How do Greek Orthodox Christians celebrate Christmas in Greece?

My beloved brothers and sisters in Our Incarnate God,


How do Greek Orthodox Christians celebrate Christmas in

The time of preparation for the celebration of the Birth of Jesus Christ, our God, and Savior, begins on November 15th each year with the commencement of the Nativity fast and ends on December 24th, Christmas Eve. Orthodox Christians prepare themselves spiritually through prayer, worship, fasting, repentance, charity, and receiving the Mysteria (Sacraments) of our Holy Church. The Holy Nativity of our Lord Christ is one of the Great Feast-Days of the Ecclesiastical year. This most Holy Day, in the Orthodox Christian Tradition, is a sacred experience that is treasured by all the faithful and a genuine celebration of Christ’s coming. Orthodox Christians prepare to receive the Savior of the world into their hearts, into their homes, and into the world He created. The celebration of His Birth is a solemn religious or spiritual observance. It is a time for spiritual renewal and a renewed commitment to our Savior God.

I remember as a child growing up in Greece, a country with rich Christian history, with a unique and great culture that falls back appromixamately 5,000 years B.C. and a Christian Tradition that traces back to the Holy Apostle Paul. We read in Acts 17:16-34: "Then Paul stood in the midst of the Areopagus and said, ‘Men of Athens, I perceive that in all things you are very religious; for as I was passing through and considering the objects of your woship, I even found an altar wth this inscription: TO THE UNKNOWN GOD. Therefore, the One whom you worship without knowing, Him I proclaim to you" (17:22-23). Greece is a blessed country with a 2,000 years Christian history and tradition. Over the centuries, countless Orthodox Christian men, women and children have given their lives for our Savior and God, Jesus Christ. It is understood, therefore, why Greek Orthodox Christians treat the high holy days, such as Jesus’ Nativity, with great reverence and respect.

On Christams Eve, December 24th, the traditional carols (Kalanda) are sung. Customarily, the children visit houses in their neighborhood and ring a triangle while singing the beautiful Christmas carols. As they move from house to house they collect either money, fruit, or pastry and other treats for their effort.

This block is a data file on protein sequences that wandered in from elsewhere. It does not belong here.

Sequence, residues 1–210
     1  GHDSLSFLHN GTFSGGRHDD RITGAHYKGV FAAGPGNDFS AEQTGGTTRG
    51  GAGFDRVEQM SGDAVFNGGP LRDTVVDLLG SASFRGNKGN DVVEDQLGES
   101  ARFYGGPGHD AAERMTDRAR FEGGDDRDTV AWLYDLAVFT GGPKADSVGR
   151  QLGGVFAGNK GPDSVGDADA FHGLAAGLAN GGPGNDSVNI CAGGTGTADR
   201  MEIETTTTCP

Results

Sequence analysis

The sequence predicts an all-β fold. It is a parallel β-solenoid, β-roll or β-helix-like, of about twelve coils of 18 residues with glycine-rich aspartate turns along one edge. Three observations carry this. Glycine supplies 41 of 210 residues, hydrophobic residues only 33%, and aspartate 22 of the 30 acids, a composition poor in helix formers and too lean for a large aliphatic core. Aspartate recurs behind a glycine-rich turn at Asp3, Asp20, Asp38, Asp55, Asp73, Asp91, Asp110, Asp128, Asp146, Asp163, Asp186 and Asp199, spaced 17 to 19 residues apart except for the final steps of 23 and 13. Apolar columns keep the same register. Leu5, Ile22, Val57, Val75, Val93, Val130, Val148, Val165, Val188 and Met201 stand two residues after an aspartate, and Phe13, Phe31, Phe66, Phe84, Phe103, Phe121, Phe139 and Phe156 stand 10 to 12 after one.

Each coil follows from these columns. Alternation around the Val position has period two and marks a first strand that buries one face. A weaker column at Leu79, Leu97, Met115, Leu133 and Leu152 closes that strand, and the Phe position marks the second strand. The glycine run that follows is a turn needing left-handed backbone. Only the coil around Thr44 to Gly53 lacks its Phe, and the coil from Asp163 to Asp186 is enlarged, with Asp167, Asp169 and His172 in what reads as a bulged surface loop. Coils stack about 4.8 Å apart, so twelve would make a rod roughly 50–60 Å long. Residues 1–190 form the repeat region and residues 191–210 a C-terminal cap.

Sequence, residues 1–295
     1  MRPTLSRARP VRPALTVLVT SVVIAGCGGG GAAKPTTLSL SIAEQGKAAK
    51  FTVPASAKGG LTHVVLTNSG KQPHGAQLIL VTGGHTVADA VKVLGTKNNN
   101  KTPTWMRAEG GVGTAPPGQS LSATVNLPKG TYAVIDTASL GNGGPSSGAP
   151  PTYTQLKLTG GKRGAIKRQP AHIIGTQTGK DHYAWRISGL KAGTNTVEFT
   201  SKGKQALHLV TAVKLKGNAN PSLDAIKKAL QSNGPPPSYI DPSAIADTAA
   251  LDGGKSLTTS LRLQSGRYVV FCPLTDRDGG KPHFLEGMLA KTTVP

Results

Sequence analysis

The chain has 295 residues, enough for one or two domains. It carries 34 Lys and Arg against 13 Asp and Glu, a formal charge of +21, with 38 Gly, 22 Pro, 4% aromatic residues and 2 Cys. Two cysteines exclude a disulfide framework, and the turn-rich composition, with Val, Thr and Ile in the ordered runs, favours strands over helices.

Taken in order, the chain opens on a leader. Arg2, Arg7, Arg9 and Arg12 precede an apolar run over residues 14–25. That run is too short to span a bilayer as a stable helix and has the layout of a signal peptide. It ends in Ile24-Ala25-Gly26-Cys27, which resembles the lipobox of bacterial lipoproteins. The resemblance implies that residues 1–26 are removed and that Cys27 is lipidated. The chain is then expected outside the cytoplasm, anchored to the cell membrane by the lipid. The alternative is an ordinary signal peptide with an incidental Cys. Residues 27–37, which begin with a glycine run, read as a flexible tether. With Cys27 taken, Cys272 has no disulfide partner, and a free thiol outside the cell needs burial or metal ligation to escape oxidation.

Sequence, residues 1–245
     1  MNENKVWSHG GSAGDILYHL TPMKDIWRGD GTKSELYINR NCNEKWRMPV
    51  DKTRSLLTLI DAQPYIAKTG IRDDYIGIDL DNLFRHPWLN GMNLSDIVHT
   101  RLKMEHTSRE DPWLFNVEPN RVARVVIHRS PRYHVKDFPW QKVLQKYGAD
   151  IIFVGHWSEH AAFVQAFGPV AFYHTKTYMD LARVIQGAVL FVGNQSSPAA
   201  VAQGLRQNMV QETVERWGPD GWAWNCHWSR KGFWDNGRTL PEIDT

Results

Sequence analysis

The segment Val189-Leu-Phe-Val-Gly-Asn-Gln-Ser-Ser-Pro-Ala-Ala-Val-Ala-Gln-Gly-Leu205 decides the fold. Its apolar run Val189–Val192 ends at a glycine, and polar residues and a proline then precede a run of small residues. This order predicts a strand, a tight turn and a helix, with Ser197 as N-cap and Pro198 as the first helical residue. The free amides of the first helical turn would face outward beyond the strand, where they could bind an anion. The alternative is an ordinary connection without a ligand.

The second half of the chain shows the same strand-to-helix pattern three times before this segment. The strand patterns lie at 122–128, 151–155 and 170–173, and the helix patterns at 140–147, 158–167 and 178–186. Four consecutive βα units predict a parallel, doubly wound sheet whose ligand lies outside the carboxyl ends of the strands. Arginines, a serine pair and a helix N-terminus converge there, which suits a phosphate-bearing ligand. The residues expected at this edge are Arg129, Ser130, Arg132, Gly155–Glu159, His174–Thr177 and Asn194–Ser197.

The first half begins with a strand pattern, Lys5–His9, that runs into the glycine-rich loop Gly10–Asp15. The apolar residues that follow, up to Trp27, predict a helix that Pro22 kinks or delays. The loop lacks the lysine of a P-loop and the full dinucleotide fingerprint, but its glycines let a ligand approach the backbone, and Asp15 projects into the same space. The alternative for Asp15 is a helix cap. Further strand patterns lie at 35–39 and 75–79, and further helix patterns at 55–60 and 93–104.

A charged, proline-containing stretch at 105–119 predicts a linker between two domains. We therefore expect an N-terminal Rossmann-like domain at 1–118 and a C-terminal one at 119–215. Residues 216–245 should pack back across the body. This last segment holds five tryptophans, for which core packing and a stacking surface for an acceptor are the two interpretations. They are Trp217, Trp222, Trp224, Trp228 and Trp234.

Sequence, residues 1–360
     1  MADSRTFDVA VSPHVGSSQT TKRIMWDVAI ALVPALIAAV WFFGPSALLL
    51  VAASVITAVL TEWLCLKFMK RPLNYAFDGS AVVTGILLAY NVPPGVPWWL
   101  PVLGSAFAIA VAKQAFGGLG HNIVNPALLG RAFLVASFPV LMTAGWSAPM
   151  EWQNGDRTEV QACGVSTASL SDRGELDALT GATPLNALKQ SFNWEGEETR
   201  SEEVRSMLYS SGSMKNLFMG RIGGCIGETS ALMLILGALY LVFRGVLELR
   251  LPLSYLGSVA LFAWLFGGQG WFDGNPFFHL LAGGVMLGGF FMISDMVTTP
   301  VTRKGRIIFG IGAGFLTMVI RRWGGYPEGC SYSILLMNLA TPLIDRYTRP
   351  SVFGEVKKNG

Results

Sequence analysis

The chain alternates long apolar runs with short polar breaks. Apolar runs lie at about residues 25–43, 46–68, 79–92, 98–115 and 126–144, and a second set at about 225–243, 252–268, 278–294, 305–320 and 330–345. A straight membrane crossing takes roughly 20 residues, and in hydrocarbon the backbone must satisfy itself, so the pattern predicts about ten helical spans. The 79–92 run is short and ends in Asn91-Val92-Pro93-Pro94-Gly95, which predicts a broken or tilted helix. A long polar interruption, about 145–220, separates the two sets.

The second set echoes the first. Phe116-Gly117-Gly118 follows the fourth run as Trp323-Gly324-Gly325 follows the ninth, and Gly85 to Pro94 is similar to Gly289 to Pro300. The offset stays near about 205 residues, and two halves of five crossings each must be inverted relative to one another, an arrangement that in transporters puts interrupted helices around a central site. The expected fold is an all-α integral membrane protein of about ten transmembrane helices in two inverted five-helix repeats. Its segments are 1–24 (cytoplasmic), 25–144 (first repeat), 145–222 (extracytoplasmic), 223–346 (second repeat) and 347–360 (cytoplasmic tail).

Early Christmas Day, the church bells beckon the people to assemble for worship. It was our family tradition, before we left for church to receive the sacrament of Holy Eucharist, we would turn and kiss our father’s and mother’s hand and ask for their forgiveness. In small villages throughout Greece on Christmas Day, one would see entire families heading for the local church to participate in the Divine Liturgy conducted by their parish priest. They have all prepared through fasting and confession to receive Holy Communion together. Many of the faithful may not wear expensive clothes, but the clothes are clean and proper for worship. Following the Divine Liturgy, each family headed for home where a feast was prepared by their beloved mother.

The customary food for this day for us was lamb, potatoes in the oven, salad, feta cheese, and side dishes such as teropetes, spanakopites etc. Other families may prefer pork or chicken. Also, on this day a special bread has been baked called, Christopsomo (Bread of Christ), which the the father, the head of the family would bless by making the sign of the cross over it saying, "In the name of the Father and of the Son and of the Holy Spirit," and offer a slice to each family member. The Christopsomo is a type of sweet aromatic bread which is decorated with a cross and with walnuts placed on the top of the four corners and the center of the cross. After the meal is over, those present would be given a choice of deserts to enjoy, i.e., homemade melomakarona, kourambiyedes, baklava, karydopita (sweet nut pie) and dyples.

Unlike other Christian traditions in other countries where there is gift exchange, the Greek tradition does not include gift exchange on this day. Instead, the children and others receive their Christmas presents on New Year’s Day on the holy Feast of Saint Basil the Great. Saint Basil was also known for his charity for the poor and his great generosity, just like Saint Nicholas of Myra. The gifts given on this day were things that each child needed, such as clothes, new shoes, etc. very few toys were given.

Chrismas trees are mostly a Northern European tratiditon and not part of the Greek custom. Perhaps one other reason is that are not many forests left in Greece to harvest trees from. However, they have been introduced to Greece in recent years. Also, influenced by Western European counties, Christmas giving is also done on Christmas day in Greece.

Another unique Christmas custom in Greece, mostly the Greek islands, is the decoration of a small boat (karavaki) with lights. Greece is sourrounded by the sea and many of the Greeks were seaferers. It is also in remberance and commemoration of the patron Saint Nicholas who was known for his many miracles that saved pesengers on boats who were threaten by storms.

Orthodox Christian greet one another following Christmas in this manner: ‘ Christ is Born!’ with the immediate response, ‘Glorify Him!’

May you all have a blessed Christmas! Καλά και ευλογημένα Χριστούγεννα!

With agape in Christ our God and Savior,

+ Father George

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